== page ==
Beliefs and Limiting Beliefs

By July 3, 2014Uncategorized

(An excerpt taken from our Fortune Management book How to Create your Ideal Practice)

By Dr. Paul Bass

“Fortune has helped me transform my practice from a small, disorganized but busy practice into a large, efficient, organized, fun, and happy practice. The people I work with (staff) are very much my friends as well as a top-notch, dedicated team.”

—DR. SCOTT BARNETT, Pell City, Alabama

Because of the profound and controlling effects they have on virtually all outcomes that manifest in our lives, beliefs must be included in any review of the methods and personal technologies offered by Fortune Management. Whether conscious or unconscious, our beliefs are paramount in determining what shows up and/or does not show up in our day-to-day lives.

A powerful example can be found in certain indigenous tribes in Australia. The belief is simply that one can be killed by an animal bone imbued with mystical powers. To this day, Aboriginal tribesmen will “point the bone” at an enemy — just pointing, no physical contact — with certainty that the enemy will be dead within four days. Within twenty-four hours of being ritually cursed this way, victims develop flu-like symptoms. Within forty-eight hours, they become severely dehydrated, and within four days, they are usually dead.

What kills them? The bone? Or the belief that the bone had the power to take away life? In a tribe with a collective consciousness of the power of “pointing the bone,” the belief alone will consistently lead to the victim’s demise. If the power of belief is sufficient to take away life, one should never underestimate this power’s absolute influence on far less complex issues, such as specific results that do or do not show up in the management arena of health-care practices.

We all have a mixed bag of beliefs. Some are empowering, and some are disempowering or limiting. I am reminded of one participant in three consecutive seminars who very congruently declared that she would leave the seminar and purchase a winning lottery ticket. The first time she returned with her winnings, the rest of us were amazed. The second time, we were stunned. The third time, we realized that we had stumbled upon profound truth. The interesting thing about life is that most people who stumble over profound truth will simply get back up, brush themselves off, and walk away as if nothing actually happened. (Of course, you’ve never done this, have you?)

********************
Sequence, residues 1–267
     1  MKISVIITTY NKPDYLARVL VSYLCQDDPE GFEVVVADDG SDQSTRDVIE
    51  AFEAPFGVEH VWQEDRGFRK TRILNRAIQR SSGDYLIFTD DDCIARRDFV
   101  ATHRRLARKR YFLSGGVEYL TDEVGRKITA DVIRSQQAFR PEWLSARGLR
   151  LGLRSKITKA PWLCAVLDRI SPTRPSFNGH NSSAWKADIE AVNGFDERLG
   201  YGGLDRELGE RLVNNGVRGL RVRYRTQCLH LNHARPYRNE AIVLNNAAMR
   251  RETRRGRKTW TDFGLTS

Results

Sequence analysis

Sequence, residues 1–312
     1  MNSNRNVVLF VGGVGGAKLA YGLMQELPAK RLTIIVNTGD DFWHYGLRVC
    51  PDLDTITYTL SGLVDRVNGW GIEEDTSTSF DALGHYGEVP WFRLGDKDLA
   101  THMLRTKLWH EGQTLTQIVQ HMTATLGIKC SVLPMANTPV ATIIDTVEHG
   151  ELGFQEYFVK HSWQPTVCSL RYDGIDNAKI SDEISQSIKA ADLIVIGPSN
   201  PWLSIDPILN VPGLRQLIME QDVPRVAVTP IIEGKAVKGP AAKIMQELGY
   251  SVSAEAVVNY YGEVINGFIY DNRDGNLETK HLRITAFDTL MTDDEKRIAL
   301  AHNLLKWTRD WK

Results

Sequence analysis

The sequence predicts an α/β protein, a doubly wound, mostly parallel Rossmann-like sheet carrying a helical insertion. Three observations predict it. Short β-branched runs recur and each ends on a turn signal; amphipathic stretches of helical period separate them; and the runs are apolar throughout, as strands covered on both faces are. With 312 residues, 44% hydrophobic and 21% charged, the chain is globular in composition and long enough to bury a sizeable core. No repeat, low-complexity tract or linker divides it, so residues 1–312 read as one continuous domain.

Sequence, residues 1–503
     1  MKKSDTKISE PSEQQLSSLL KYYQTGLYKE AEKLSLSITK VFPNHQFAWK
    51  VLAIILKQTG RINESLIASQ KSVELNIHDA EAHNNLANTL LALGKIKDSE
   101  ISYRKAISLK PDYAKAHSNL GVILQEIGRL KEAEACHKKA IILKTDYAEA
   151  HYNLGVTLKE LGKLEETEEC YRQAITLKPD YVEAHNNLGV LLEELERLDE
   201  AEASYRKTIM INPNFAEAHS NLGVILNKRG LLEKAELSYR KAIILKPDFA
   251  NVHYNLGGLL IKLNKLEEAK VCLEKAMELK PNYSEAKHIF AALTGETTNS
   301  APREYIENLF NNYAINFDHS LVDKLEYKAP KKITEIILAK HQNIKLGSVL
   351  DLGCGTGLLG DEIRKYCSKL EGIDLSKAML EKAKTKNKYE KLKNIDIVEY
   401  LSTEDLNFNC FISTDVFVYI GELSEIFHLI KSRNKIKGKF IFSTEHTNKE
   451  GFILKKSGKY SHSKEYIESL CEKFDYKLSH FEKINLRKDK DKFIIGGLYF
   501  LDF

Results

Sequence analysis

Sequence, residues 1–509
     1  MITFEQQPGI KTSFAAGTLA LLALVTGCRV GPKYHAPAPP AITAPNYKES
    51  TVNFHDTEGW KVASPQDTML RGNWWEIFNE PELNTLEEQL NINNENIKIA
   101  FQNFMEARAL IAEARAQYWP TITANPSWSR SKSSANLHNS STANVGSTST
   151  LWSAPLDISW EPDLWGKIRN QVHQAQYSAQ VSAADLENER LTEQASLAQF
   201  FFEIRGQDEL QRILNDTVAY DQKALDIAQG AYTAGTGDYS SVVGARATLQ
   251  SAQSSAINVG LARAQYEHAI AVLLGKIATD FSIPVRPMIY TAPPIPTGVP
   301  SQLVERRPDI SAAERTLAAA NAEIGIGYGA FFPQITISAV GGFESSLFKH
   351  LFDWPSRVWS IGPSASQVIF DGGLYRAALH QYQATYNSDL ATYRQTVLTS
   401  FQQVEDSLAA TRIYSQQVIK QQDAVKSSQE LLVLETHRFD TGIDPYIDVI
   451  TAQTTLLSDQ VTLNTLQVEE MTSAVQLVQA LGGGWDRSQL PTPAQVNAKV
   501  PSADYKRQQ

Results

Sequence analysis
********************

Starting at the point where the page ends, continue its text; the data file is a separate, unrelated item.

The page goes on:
On the disempowering side, I know that any practice management coach could list numerous limiting beliefs that are commonly uttered by doctors and staff members, with no idea how much of their self-limiting mindset is being revealed, such as:

“There aren’t enough new patients to go around . . .”  “Patients don’t really care about their health . . .”  “I’ll die with a hand piece in my hand . . .” 
“You can’t practice with excellent quality and do big numbers . . .”  “Hygiene is just a necessary evil, not a profit center . . .”  Etcetera, etcetera, etcetera.

By recognizing limiting beliefs, we create an opportunity to crush them. The most effective way to do so is to have an experience that violates your limiting beliefs. This can be done internally or externally.

An internal (personally experienced) example would be to change a system in the office, and then monitor that system, and thus create a new, empowering belief based on the new result. For example, a practice could increase its hygiene effectiveness rate through a proactive hygiene reactivation game plan. When it goes from thirty percent effectiveness to sixty percent effectiveness, the resulting increase in hygiene revenue and referrals to the operative department are undeniable! Obviously, a new belief can be created this way, and when effectiveness jumps to eighty or ninety percent, the new belief reflects the polar opposite of the old limiting belief.

External (observed evidence) examples can also be extremely influential. Let’s say a dental team visits a colleague’s office where the daily operations consistently demonstrate results that blow all the old, standard limiting beliefs totally out of the water. This can radically alter that team’s view of how dentistry can be practiced.

Knowing how powerful this can be, I once asked a client, Dr. Shellhouse in Ohio, to create an opportunity for other dental teams to visit his practice and see Fortune’s concepts in action. The doctor and his team created The Dayton Dental Academy for one purpose and one purpose only. That purpose was to crush limiting beliefs about what is or is not possible. Virtually every dental team that has visited The Academy says that it was one of the most valuable days in the history of their practice.

In summary, one of the most important roles for any Fortune coach is to help others identify their limiting beliefs, and then assist them in creating rock-solid, totally grounded, and life-changing beliefs that will pay handsome dividends over and over again. By doing so, we help build legendary practices that will create legacies beyond the lifetime of any one dentist, and, in doing so, we transform countless lives. Perhaps more important, a transformed practice will provide better dentistry and will affect the health and well-being of thousands of patients.